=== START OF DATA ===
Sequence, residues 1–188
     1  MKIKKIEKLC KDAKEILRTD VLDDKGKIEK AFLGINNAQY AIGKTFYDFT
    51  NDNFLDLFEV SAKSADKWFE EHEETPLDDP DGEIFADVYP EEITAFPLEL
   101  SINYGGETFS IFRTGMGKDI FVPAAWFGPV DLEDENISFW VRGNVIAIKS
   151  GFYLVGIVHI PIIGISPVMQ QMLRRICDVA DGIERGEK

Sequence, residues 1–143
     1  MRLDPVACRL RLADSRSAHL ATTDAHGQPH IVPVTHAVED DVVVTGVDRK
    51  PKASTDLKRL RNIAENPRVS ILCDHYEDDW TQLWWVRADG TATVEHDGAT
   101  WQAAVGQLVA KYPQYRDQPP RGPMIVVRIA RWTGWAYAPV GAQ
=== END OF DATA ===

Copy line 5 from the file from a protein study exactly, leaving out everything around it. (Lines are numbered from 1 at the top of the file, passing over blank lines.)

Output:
   151  GFYLVGIVHI PIIGISPVMQ QMLRRICDVA DGIERGEK